Prosecutor drops BBPD’s grand theft-Daiquiri Deck case

A case involving the alleged theft of $20,000 from a Daiquiri Deck customer reached an early end.

The state attorney’s office filed a notice of case action Oct. 8 declining to press a second-degree felony charge against Tabatha Dondanville, a manager at the Bradenton Beach restaurant, for allegedly stealing the cash from a customer’s purse that was mistakenly left behind.

The prosecutor’s office sent a memo to the Bradenton Beach Police Department Oct. 9 explaining that the customer, Jasmine Bryant of Arcadia, had declined to press charges.

“The victim said she did not want to move forward with the criminal charges because she had promised the manager that she would not pursue criminal charges if she got her money back. She believes that the defendant’s arrest was enough punishment,” the memo stated.

“Without the testimony and cooperation of the victim, the state has insufficient evidence to prove the crime beyond a reasonable doubt and this charge is declined,” the memo continued.

Bryant’s decision is another twist in a case that already had a share of flip-flopping.

It began the night of Sept. 7, when Bryant forgot her purse after dining at the restaurant with her partner. She later told police the purse contained a large amount of money because she has distrust in banks.

Bryant called the restaurant but was told the employees couldn’t find the handbag.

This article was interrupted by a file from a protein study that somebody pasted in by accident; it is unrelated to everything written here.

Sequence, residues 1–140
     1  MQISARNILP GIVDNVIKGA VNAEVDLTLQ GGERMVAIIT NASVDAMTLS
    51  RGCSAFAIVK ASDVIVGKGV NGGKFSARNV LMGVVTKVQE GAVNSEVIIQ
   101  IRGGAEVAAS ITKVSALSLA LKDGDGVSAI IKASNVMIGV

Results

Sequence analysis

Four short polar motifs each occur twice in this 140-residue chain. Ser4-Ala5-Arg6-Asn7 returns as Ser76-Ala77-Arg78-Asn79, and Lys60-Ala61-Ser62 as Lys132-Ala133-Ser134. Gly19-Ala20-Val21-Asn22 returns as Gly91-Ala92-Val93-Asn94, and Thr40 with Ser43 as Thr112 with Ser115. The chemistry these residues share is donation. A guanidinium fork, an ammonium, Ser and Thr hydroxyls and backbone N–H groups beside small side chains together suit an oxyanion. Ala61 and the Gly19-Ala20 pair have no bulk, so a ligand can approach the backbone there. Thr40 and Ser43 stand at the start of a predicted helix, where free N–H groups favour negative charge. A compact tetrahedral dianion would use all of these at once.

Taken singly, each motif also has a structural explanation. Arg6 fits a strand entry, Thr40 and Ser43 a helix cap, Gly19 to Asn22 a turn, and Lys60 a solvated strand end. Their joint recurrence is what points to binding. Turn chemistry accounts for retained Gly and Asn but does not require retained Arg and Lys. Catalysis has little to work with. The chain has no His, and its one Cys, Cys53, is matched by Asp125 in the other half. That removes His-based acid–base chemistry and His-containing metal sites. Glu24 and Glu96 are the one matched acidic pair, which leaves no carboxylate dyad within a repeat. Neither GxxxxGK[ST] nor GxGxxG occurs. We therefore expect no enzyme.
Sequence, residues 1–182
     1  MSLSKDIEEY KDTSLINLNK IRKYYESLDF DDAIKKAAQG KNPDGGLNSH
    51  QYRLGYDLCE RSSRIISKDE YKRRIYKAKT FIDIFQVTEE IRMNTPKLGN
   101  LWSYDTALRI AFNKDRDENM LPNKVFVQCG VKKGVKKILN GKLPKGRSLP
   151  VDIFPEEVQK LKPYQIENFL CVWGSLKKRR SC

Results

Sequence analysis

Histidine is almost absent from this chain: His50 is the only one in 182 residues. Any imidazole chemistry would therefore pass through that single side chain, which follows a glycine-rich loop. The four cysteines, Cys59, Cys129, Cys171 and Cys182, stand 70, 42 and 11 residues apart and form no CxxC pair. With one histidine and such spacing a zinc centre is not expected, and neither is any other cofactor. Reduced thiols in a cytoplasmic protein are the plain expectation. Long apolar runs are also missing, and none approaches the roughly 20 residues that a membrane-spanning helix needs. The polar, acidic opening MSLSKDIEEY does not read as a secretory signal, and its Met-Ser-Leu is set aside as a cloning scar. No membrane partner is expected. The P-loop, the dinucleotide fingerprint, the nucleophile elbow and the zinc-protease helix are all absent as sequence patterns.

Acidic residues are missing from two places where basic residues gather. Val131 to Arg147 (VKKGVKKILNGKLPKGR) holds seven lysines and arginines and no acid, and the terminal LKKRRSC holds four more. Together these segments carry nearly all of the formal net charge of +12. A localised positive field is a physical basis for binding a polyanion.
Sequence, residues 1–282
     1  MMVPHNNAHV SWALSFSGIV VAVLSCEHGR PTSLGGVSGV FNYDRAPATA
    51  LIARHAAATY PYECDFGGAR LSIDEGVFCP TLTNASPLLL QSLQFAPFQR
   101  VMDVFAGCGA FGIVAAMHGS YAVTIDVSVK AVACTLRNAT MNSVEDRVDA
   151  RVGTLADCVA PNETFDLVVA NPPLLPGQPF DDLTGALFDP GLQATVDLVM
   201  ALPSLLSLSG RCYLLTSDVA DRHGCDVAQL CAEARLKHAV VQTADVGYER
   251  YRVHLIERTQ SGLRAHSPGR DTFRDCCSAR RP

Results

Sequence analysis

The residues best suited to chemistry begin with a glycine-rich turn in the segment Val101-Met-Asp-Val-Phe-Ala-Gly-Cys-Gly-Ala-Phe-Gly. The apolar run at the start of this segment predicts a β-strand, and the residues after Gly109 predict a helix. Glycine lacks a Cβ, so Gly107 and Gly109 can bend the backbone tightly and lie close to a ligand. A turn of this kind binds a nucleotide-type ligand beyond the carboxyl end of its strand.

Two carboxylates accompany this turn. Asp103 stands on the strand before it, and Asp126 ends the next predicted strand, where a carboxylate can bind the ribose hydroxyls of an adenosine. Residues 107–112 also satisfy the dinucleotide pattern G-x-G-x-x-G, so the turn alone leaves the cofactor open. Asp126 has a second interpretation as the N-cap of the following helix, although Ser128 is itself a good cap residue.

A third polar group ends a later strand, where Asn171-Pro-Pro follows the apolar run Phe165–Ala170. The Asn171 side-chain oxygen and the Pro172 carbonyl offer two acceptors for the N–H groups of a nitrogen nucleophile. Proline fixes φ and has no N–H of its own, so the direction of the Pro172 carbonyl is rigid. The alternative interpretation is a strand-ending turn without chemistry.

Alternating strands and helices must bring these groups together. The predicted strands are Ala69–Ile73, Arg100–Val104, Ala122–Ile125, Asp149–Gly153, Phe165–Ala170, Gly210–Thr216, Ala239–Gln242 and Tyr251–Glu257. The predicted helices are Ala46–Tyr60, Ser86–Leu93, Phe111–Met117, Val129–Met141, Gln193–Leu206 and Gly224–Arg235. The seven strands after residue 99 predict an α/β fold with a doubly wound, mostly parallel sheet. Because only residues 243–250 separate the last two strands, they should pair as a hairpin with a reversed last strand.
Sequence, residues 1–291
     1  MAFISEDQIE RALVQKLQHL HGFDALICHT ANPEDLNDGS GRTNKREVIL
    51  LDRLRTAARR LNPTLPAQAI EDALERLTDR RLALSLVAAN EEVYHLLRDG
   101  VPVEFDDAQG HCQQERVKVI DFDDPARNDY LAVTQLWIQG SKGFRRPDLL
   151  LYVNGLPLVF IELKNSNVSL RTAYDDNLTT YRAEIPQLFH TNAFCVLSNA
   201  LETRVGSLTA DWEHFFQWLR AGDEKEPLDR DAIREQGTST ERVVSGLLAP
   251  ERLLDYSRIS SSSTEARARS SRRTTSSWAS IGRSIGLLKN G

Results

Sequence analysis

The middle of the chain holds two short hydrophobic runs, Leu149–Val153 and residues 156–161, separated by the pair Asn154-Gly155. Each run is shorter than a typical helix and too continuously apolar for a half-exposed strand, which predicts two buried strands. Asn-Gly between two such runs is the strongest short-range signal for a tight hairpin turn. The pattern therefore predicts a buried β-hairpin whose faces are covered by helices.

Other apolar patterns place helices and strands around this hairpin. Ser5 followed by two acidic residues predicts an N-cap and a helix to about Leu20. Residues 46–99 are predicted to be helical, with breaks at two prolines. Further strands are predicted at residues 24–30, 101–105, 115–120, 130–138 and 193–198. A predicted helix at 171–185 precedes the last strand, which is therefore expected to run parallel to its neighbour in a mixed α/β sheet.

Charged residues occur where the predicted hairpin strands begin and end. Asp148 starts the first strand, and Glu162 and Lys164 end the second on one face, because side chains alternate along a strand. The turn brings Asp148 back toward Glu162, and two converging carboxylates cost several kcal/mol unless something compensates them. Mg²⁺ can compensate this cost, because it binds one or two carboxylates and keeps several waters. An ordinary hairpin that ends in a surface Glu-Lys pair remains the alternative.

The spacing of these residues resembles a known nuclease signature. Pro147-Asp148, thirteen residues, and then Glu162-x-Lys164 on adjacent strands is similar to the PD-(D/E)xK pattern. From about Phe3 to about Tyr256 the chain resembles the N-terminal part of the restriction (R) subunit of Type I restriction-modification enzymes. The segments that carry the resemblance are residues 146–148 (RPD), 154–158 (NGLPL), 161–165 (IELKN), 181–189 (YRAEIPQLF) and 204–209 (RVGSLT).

Then she visited the restaurant the morning of Sept. 8 and spoke to manager Samantha Mitchell, who told her no purse was found but, on hearing Bryant calling the BBPD, then produced the missing purse from a back room.

When Mitchell returned the bag, it did not contain $20,000 — only a note that read, “Found in bathroom.”

BBPD Detective Sgt. Lenard Diaz and Lt. John Cosby arrived and viewed security camera footage from the restaurant’s interior that showed Dondanville taking the purse into the manager’s office on the night it went missing.

However, neither Dondanville nor Mitchell admitted to knowing the whereabouts of the missing cash.

Later in the day, Bryant called the BBPD to report that Mitchell returned the money under the condition that she wouldn’t further involve the police.

Still, Bryant signed an affidavit and agreed to press charges.

Diaz returned to the restaurant and spoke with Mitchell, who eventually said Dondanville took the money.

Diaz arrested Dondanville and took her to the police station, where she allegedly admitted to the theft.

Dondanville’s attorney, Ronald Filipkowski, had filed a not guilty plea on her behalf and also represented her in an arraignment hearing Oct. 2.

The state attorney’s office memo states that Dondanville was terminated from her job as a manager at the Daiquiri Deck.

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